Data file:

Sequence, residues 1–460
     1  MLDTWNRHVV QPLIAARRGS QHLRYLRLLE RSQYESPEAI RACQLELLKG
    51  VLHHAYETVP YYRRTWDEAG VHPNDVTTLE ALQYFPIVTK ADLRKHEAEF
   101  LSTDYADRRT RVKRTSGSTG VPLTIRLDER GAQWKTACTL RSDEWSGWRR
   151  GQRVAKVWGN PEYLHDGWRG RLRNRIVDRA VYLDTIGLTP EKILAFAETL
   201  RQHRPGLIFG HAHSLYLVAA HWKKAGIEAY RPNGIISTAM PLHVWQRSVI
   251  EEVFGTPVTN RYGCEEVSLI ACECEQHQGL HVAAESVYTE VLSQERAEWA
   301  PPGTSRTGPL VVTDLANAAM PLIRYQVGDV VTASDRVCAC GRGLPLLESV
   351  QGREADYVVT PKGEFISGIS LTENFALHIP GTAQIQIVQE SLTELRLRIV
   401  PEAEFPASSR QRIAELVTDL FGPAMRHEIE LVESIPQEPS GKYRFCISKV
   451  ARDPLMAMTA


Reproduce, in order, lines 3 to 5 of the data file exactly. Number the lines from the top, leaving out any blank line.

    51  VLHHAYETVP YYRRTWDEAG VHPNDVTTLE ALQYFPIVTK ADLRKHEAEF
   101  LSTDYADRRT RVKRTSGSTG VPLTIRLDER GAQWKTACTL RSDEWSGWRR
   151  GQRVAKVWGN PEYLHDGWRG RLRNRIVDRA VYLDTIGLTP EKILAFAETL